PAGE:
— “January 13, 2022”
God of War’s PC port arrives on Friday, and it’s a good one: in our review, staff writer Morgan Park praised its DLSS support enabling framerates well above 60 fps. For God of War’s developers, the PC port was an opportunity to add ultrawide support and dial up a few settings beyond what they could pull off on the PlayStation 4, but it was also a chance to rethink how they approach accessibility while building games.
“This has really laid some groundwork in the backend,” said UX and accessibility lead Mila Pavlin. “A lot of accessibility features require that you change your pipeline of how you’re creating content. [The PC port] allowed us to go back in and relook at how we were actually constructing some of the underlying code.”
For the PC version of God of War the developers wanted to address sprinting, which was bound to clicking in the thumbstick on a controller (aka the L3 button). “A lot of players find that button specifically to be a little difficult to utilize,” Pavlin said. For players with muscle fatigue, the heavy click required to depress the thumbsticks can be an obstacle, so Santa Monica Studio built an auto-sprint feature into the new PC version. You can set a threshold that determines how long you have to hold down a direction before Kratos will automatically start sprinting.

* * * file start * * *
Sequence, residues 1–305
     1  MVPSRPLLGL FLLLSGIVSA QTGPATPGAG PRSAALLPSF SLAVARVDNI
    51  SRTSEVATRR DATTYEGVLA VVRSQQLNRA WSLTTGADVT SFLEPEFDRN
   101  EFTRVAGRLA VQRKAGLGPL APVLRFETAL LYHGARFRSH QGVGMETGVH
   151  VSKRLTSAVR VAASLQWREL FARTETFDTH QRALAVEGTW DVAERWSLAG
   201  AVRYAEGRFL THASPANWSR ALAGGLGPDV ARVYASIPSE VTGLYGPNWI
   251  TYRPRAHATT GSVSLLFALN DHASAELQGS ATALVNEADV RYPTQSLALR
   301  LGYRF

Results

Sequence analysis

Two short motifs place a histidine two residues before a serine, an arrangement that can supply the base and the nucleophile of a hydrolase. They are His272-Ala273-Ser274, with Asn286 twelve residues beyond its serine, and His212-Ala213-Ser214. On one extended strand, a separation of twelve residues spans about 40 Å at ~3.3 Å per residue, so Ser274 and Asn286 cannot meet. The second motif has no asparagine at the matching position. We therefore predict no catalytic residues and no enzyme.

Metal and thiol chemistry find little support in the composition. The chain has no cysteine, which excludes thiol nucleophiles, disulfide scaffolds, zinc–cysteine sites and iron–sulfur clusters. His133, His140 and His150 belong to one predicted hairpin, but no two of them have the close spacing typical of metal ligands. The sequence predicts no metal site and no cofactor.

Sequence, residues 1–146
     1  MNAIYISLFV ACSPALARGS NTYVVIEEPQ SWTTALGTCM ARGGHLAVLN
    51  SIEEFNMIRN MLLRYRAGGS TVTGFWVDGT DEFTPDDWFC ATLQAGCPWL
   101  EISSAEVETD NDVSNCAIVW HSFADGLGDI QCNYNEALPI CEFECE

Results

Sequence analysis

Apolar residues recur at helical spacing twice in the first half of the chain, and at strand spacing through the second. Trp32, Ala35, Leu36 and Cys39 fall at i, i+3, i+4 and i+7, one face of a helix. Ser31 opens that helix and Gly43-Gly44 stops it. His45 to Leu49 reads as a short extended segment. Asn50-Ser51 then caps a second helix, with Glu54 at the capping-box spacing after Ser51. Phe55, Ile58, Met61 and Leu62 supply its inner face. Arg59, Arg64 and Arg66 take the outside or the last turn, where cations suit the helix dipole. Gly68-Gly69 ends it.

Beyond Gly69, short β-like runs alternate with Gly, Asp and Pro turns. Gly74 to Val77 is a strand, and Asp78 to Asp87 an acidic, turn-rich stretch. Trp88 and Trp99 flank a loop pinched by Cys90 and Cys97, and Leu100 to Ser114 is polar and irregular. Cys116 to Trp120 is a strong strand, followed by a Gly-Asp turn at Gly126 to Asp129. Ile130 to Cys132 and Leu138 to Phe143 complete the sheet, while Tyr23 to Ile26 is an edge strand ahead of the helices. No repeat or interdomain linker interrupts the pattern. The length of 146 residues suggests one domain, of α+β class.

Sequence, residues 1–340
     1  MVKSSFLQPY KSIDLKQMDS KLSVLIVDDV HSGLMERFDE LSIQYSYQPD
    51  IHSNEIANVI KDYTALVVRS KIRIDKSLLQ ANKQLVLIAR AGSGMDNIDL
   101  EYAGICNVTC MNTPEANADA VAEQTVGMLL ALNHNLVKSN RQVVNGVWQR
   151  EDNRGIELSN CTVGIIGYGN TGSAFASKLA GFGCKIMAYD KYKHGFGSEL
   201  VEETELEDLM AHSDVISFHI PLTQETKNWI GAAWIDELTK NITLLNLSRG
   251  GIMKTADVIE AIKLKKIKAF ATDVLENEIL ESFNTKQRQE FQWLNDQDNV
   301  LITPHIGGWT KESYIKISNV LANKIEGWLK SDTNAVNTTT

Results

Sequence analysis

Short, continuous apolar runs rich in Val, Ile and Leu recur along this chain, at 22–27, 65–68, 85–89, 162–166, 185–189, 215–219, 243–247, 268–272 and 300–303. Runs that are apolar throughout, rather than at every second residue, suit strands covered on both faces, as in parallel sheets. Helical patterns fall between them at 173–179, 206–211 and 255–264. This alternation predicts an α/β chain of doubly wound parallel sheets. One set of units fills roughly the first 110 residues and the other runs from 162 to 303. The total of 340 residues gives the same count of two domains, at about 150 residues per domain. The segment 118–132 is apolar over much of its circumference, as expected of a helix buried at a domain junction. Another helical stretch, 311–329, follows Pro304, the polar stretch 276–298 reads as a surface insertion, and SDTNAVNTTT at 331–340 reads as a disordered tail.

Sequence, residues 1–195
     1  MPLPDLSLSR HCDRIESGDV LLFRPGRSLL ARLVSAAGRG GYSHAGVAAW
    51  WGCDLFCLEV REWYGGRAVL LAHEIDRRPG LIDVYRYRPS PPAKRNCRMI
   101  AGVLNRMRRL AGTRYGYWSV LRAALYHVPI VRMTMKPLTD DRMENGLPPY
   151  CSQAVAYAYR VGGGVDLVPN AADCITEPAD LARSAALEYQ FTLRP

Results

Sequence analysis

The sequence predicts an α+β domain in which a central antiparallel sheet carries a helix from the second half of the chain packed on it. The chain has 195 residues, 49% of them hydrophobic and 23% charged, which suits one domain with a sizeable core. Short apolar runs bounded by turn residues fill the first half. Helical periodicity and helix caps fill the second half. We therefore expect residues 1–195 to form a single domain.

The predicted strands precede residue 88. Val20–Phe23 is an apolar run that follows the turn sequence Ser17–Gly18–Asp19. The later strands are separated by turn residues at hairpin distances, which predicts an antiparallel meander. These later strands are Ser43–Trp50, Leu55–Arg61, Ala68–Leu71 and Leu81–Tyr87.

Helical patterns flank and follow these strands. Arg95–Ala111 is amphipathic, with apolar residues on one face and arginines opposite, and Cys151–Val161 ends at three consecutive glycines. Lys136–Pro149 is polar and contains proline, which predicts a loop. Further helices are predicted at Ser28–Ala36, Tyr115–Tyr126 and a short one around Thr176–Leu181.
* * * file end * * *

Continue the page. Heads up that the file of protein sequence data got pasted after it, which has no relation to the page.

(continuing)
Pavlin mentioned that the PC’s customizability and support for all kinds of controllers naturally open the door to more accessibility options, but those benefits can also carry over indirectly to Santa Monica’s next game on PS5: God of War Ragnarok. Revisiting the 2018 code gave the developers an opportunity to build a “more accessible framework” for their next game.
“Working on things like keyboard remapping allows us to actually look at how that pipeline functions overall, and carry that forward through all of our SMS products,” Pavlin said. “So that will help us to build a better foundation to work off of in future products.”
Senior technical producer Matt DeWald added that “PC is just a small sliver of what we want to do for accessibility. It’s the stuff that we could easily do without going back and re-authoring content. But to Mila’s point, accessibility is really important to us. And we want to try to make sure we can support as much as we can. So there are some big plans.”
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